Therapy is a whole different animal. Process is king of this jungle. Outcome at least in terms of a pronouncement and right or wrong or settlement of a particular issue is not the goal, yet a settlement may paradoxically be achieved. The sought outcome of therapy is more often an ability to get along at least in general terms; to free children from parental triangulation; and to facilitate peaceful co-existence in the context of a newly shaped family system where there is an acceptance of geographic and social diversity.

Thus with therapy as opposed to a custody evaluation or mediation, the child can have an intact representation of a whole, albeit diverse family and hence remain psycho-dynamically intact. This is the winning trifecta. If this can be achieved, solutions to presenting problems usually take care of themselves.

There is not only a challenge to bring parents into the process of therapy, but sometimes their lawyers too.

Sometimes therapy is sought as a backdoor assessment. The lawyer strategically encourages therapy to draw out the foibles of the opposing client and then ensnare the therapist as a witness to pathology. This bait and switch tactic is a landmine for therapists, particularly the uninitiated. While we want to assume other helping professionals as allies to the cause of therapy, this is not always the case. In the hands of a naive or lesser experienced therapist, this can spell disaster.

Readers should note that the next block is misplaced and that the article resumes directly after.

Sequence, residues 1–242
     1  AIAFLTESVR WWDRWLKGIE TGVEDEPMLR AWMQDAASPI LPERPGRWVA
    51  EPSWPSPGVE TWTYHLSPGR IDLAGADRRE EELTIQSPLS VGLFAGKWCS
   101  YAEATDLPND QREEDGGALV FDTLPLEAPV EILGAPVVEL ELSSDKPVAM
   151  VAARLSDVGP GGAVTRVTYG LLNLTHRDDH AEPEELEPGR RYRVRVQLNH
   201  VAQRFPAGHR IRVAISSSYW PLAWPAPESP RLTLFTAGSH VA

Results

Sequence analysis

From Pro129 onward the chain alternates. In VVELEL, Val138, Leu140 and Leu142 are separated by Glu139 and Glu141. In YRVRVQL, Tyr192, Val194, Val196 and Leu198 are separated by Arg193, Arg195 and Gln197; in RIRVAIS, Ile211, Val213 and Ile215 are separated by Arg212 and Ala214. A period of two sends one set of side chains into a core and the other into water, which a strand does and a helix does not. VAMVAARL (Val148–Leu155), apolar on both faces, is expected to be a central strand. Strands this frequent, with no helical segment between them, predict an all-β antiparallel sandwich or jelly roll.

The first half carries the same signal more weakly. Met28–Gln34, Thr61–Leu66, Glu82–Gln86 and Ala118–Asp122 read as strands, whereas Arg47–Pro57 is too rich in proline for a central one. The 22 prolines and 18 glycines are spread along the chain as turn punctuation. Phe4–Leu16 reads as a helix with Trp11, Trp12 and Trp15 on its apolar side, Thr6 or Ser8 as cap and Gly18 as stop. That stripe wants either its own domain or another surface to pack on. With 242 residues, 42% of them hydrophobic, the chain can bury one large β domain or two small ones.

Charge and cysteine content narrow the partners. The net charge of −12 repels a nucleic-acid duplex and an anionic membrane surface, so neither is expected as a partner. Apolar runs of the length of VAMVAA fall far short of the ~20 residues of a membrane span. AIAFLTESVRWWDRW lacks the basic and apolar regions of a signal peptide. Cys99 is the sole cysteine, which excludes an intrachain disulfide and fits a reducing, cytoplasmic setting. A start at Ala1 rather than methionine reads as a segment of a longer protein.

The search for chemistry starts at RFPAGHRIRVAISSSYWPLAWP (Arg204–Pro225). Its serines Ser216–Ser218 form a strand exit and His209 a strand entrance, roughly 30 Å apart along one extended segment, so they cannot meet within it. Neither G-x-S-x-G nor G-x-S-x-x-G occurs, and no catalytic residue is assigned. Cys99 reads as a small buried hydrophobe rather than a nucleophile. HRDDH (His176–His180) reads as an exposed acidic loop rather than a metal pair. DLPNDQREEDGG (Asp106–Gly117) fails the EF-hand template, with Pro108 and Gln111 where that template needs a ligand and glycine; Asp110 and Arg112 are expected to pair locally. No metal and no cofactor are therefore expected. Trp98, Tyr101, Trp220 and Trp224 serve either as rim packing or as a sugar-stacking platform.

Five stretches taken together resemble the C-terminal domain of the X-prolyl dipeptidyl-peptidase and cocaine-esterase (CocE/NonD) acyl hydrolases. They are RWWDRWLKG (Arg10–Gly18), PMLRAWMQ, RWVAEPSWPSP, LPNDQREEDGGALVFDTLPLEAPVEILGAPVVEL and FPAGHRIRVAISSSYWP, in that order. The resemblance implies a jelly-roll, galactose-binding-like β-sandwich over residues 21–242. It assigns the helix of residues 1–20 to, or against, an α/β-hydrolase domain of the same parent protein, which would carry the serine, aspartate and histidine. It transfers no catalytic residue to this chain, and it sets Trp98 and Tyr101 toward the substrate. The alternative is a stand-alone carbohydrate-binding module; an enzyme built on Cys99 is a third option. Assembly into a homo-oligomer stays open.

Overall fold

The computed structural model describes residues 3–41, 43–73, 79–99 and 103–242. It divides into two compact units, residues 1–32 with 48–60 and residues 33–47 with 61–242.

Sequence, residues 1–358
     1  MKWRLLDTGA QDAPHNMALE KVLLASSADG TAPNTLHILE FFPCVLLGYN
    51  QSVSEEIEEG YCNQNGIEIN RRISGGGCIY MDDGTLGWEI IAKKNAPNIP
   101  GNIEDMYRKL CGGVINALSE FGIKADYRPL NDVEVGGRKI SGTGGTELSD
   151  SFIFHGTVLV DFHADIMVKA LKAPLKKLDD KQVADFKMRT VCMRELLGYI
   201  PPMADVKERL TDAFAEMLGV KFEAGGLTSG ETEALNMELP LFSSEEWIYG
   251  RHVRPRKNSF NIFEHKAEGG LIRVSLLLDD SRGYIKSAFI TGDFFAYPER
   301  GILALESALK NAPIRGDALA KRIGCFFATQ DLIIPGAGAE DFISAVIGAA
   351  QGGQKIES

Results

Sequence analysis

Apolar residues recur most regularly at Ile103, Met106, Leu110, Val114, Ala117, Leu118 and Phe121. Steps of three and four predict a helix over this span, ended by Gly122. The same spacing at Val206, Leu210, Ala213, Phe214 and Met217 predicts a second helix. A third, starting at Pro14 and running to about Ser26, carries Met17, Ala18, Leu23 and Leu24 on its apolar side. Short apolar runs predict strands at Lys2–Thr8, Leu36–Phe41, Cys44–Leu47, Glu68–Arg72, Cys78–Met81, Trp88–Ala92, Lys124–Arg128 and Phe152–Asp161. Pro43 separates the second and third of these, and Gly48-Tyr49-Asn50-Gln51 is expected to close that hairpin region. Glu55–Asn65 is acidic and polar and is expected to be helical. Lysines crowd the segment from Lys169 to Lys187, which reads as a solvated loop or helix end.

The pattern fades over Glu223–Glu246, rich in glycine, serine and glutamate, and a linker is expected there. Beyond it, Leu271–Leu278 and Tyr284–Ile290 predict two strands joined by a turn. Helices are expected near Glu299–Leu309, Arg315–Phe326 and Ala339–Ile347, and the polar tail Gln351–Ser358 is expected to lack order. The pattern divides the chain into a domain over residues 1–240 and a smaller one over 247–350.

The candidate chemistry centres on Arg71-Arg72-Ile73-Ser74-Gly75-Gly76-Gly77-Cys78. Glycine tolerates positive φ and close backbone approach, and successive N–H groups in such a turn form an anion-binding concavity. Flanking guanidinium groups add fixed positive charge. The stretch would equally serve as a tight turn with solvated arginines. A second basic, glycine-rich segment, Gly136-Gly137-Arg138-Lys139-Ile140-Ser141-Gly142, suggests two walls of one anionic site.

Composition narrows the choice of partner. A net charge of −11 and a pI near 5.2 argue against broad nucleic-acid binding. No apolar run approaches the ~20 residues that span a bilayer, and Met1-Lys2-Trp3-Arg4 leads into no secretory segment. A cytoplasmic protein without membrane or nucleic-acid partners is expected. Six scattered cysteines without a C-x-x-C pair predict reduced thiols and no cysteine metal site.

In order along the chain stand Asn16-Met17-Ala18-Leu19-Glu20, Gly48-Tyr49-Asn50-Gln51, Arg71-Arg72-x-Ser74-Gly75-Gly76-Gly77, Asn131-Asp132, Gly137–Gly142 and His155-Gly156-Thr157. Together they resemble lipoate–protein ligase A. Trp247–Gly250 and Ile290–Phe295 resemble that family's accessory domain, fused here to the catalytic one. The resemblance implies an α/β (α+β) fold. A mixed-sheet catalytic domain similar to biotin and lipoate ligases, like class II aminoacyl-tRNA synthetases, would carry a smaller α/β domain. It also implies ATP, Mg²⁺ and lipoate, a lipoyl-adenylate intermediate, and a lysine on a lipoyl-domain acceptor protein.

In other circumstances, the lawyer may be invested in their client’s preferred outcome and as such also meddle with the therapy process or more inadvertently, not hold their own client accountable to the process when the client resists engagement in favor of seeking a quick solution.

If you are sending a couple or family for therapy to facilitate their otherwise tumultuous transition from one family structure to another or if you are that family, be prepared to sit back and hang on for the ride. It can be fraught with ups and downs in the initial stages. The family participants may try to jockey for position and some may try to subvert the process. This is normal in the initial stages.

However, as you round the clubhouse turn, very often a new vista emerges. The finish line you thought you were aiming for tends to disappear and new paths emerge. You don’t have to take this on faith. You only need to allow it to take place. Therapy is about entering the unknown while in disarray and coming out the other side newly organized often in ways unimaginable. It doesn’t work for everyone, but when it does, it is magical. Kids deserve that chance.

Gary Direnfeld, MSW, RSW

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One Comment
  1. Yvette Emmanuel permalink

    So well presented! The engagement stage is very challenging when parents are facing a divorce. As therapist one has to maintain a balance and objectivity.